No doubt we’ve all spent the last year and a half on a lot of video calls, meaning we’ve stared at our own faces for many hours and possibly noticed things that we’re less than thrilled about. For our eyes in particular, we may have noticed that our carefully applied mascara or eyeliner is imprinting itself just below the brows, or that the eyeshadow we put on somehow disappears, lost in the fold of our eyelids.
Sure, we might be putting our make-up on completely wrong, but it could also be that the eyelids have begun to droop, giving us a persistent tired look, and for some of us maybe even obstructing our vision. Or it might be that hooded eyelids are just part of our genetic heritage.
Droopy or hooded eyelids come about for a variety of reasons, sometimes it’s in our genes, sometimes it’s age, but basically the underlying cause is a weakening of the muscles and the overall support structure that allows those lids to keep themselves in a more raised position.
As with most things, surgical intervention is going to be the most effective and the longest lasting option when it comes to treating hooded eyelids, but having said that, it doesn’t mean it’s always the best option. So many factors are weighed when we recommend which procedure is best for you whether we’re treating your eyes or another part of your face or body. If we have an equally good or almost as good non-surgical intervention, we will almost always recommend that first.
Here are some great options for treating drooping or hooded eyelids.
Can You Treat Hooded Eyelids with Botox and Filler?
For some people, strategically placed Botox and dermal filler can help to alleviate hooding of the eyes. This is usually only possible if the hooding is mild. It’s also important to keep in mind that these are temporary solutions that require maintenance treatments if you want to uphold the look. Botox treatments can last anywhere from 3-4 months, and hyaluronic acid (HA) based fillers can last anywhere from 6-12 months.
Botox will typically be used to restrict some of the muscle movement that makes you frown and as a result pushes your eyelids down. Fillers will often be strategically injected in the area of the brow or temples, or even in the hollows of the upper lids in order to give the area a more lifted and balanced look. When it comes to using filler, this is a very high risk area requiring a very high level of expertise on the part of your injector. As a result, at our clinic, plastic surgeons are the only practitioners who treat the eye area with filler.
Again, injectable treatments like these are great if your hooded eye concerns are quite subtle and what you’re looking for is an overall rejuvenated look in the eye and brow area.
AccuTite for Hooded Eyelids
AccuTite is a good option for mild to moderate hooded eyelids. This will have a much longer longevity than injectable treatments, but likely not as long as surgery. The results of one AccuTite treatment can last anywhere from 1-5 years. Although it’s considered a non-surgical treatment AccuTite is much more invasive than Botox and fillers, but still considered a minor procedure.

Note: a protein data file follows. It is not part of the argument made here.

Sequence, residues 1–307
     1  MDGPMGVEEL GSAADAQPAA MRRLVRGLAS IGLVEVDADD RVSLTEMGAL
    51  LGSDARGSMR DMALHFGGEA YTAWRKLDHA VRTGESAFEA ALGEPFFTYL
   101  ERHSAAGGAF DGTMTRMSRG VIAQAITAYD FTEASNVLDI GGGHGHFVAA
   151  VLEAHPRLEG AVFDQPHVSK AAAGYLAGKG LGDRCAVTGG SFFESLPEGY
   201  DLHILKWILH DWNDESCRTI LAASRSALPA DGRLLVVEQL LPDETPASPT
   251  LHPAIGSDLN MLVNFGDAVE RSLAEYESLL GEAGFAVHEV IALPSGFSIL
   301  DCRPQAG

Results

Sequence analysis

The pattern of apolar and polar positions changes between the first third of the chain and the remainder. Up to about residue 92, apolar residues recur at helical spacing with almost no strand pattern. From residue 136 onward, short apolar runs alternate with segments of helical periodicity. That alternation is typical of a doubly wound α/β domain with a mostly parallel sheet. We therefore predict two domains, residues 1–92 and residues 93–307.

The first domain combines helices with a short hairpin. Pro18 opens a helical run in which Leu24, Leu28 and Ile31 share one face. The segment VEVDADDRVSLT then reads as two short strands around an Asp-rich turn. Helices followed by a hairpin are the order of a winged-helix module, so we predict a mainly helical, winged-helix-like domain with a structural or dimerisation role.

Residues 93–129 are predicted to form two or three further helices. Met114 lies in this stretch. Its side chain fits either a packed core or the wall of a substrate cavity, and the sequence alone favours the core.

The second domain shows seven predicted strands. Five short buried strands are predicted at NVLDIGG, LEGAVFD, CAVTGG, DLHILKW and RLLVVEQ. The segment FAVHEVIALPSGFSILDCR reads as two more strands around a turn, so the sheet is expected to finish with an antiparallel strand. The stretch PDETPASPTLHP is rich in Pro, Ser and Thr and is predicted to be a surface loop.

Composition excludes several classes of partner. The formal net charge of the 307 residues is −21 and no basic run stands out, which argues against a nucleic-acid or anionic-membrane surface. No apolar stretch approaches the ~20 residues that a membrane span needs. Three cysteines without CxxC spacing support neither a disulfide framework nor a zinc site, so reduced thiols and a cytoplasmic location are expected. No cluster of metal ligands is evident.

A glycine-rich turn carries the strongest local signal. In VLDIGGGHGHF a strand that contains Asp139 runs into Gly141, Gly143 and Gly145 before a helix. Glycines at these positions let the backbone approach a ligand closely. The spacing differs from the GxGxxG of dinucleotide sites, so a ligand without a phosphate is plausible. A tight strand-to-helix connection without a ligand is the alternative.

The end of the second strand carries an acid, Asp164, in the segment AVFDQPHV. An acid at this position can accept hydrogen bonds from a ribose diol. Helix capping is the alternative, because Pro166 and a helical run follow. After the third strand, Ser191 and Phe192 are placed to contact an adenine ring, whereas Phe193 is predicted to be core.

AccuTite is designed to target small and delicate areas of the face and body, just like the eyelids. It’s a technology that employs radiofrequency heat just under the surface of the skin in order to shrink tissue and melt fat. It also stimulates the production of collagen and elastin, which are key components that keep your skin tight.
AccuTite is great at targeting skin laxity. If you have mild to moderate skin laxity in the area of the lids, this is likely pushing the fat pads around the lids down causing them to hood the eyes. AccuTite will tighten up the skin in the area and diminish the fat pads. However, if the underlying issue of your hooded eyelids is actually the weakening of the muscles in the area, then non-surgical treatments won’t get you very far, and we’ll most likely recommend surgery.
Blepharoplasty (Eyelid Lift)
Non-surgical treatment options like injectables and AccuTite can target the superficial issues causing the drooping or hooding of the eyelids, but the one thing these treatments can’t offer is a tightening or removal of the underlying muscles and an overall improvement of the eye support structure.
If you have weak muscles in the eye area, this is most likely the root cause of more heavily drooping or hooded eyelids, and more severe skin laxity. In this case, blepharoplasty also known as an eyelid lift will probably be your best option.
An eyelid lift can be performed on both the upper and lower eyelids if necessary, and it typically involves the trimming of excess skin, removal of unwanted fat, and removal of weak and sagging muscles in the eye area. Although surgery is always a more invasive and aggressive approach when it comes to hooded eyelids, for the right patient the results are transformative and very long lasting.
If you’re still not sure which procedure will best address your needs, book a complimentary consultation with us and we can talk it through. We love meeting new patients!